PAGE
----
And when that happens within a company setting, that translates into projects that drag on forever with no end in sight. It’s demoralizing to feel stuck.
But it feels great when you’re making visible progress. Progress also signals that your work is making a difference.
Setting Measurable Goals
Measurable goals act as a roadmap to achieving success. Start by setting goals that actually motivate your team. Then implement the SMART strategy:
Put the goals in writing. The physical act of writing down the goals makes it seem both tangible and real.
Have your employees create an action plan. These should be the small steps they must take to achieve their goals.
8. Encourage Cross-Functional Teaming
Imagine your business was a machine. Like a machine, there are various parts that make up your business.
You may have a sales team, a marketing team, human resources, and an administrative team. A machine may have wheels, gaskets, and a motor. But if those parts of the machine stop speaking to one another, problems arise. And the same is true for any business.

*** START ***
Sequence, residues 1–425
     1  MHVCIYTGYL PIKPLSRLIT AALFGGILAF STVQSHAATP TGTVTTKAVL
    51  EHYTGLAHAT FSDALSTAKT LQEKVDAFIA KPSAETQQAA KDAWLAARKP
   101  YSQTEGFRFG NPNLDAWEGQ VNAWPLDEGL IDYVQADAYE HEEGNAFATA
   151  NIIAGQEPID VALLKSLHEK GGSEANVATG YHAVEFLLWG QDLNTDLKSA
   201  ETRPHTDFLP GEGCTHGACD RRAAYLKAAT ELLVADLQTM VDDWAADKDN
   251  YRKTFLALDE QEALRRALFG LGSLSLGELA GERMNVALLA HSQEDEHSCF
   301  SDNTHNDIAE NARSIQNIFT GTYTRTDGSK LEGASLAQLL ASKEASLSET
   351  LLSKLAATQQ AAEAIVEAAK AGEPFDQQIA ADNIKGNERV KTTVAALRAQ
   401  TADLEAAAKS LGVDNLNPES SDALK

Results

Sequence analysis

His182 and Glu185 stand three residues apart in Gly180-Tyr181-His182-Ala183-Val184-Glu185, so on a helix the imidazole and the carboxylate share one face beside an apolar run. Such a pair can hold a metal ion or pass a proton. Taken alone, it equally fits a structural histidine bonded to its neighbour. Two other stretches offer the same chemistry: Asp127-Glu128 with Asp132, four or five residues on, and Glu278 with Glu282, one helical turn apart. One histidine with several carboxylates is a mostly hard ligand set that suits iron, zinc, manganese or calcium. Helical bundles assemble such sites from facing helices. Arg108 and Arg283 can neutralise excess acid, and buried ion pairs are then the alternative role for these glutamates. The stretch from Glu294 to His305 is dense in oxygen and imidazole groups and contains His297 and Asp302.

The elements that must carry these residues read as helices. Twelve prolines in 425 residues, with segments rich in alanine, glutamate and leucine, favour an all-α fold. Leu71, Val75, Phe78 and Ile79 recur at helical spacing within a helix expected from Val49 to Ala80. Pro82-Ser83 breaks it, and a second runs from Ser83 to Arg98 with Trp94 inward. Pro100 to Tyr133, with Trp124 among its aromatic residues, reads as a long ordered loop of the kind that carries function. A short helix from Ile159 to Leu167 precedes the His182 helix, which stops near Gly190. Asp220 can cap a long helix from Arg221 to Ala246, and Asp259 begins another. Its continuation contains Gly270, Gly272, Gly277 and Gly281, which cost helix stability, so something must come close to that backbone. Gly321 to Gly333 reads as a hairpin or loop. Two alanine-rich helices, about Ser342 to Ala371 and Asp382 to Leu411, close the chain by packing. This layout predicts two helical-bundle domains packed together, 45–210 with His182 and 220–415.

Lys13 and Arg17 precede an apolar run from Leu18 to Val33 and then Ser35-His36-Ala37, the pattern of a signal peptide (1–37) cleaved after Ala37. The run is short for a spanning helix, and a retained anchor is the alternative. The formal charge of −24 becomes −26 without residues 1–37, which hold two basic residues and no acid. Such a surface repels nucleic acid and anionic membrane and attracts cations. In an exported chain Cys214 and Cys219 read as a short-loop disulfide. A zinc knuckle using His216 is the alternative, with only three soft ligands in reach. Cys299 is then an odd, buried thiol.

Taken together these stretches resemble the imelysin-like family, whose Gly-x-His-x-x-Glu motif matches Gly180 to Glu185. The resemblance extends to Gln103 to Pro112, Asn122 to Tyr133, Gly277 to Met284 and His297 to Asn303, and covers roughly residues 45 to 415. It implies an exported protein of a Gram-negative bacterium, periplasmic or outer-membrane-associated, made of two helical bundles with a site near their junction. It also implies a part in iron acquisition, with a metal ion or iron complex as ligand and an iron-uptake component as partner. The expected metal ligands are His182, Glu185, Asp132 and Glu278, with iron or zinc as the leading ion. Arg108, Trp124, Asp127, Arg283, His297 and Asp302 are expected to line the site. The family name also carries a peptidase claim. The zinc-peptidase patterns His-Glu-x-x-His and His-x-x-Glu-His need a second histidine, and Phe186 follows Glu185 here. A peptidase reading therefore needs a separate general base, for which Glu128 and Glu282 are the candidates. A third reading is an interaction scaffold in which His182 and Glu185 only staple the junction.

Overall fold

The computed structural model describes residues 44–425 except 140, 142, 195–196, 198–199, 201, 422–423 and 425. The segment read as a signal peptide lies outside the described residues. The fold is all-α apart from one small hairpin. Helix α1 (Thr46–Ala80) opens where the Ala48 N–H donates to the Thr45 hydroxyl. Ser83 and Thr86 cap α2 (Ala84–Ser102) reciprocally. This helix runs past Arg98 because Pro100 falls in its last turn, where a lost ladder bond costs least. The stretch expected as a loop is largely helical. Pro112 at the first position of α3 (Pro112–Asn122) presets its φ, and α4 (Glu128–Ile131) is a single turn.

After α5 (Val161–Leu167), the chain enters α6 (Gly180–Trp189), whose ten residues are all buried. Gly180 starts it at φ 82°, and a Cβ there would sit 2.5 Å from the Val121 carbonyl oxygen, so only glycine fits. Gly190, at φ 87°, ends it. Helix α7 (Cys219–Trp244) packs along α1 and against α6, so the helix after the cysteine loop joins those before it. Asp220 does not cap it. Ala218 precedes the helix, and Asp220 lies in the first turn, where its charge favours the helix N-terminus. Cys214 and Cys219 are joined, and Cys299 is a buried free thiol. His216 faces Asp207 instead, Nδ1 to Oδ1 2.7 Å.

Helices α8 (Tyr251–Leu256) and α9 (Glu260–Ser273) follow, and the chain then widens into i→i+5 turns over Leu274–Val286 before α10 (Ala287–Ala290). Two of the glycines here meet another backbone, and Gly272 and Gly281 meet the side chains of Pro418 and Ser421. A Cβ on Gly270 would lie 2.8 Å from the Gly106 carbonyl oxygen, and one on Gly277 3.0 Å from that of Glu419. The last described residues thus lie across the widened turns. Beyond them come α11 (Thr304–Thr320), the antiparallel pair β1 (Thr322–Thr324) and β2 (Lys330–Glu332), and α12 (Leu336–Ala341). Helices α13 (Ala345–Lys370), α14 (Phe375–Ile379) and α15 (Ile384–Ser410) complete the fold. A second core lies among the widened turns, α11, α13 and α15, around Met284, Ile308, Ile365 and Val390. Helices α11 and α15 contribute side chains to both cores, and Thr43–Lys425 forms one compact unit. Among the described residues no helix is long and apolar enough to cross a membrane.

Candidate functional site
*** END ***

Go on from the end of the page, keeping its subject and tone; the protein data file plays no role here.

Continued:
What a Cross-Functional Team Does
A cross-functional team is a group of employees who possess different specialties and/or skills. This team is responsible for carrying out all phases of a program from beginning to end.
Bringing people together from different departments to share ideas and achieve specific goals increases communication across departments. And it creates a cohesive work environment.
You’ll find it leads to faster and more effective results. And it aids in motivating your teams when they all work together to attain commonly shared goals.
Ways to Develop a Cross-Functional Team
Here are a few steps to take to ensure that you create a cross-functional team that produces the results you’re looking for:
Assemble the Right Team
Find team members with the shared skills needed to create a well-oiled machine. The best candidates are independent self-starters who are authorized to make important decisions.
If possible, find members with previous experience. Those who require hand-holding won’t work well in these conditions.
Collaborative members should be able to work in a less-defined space.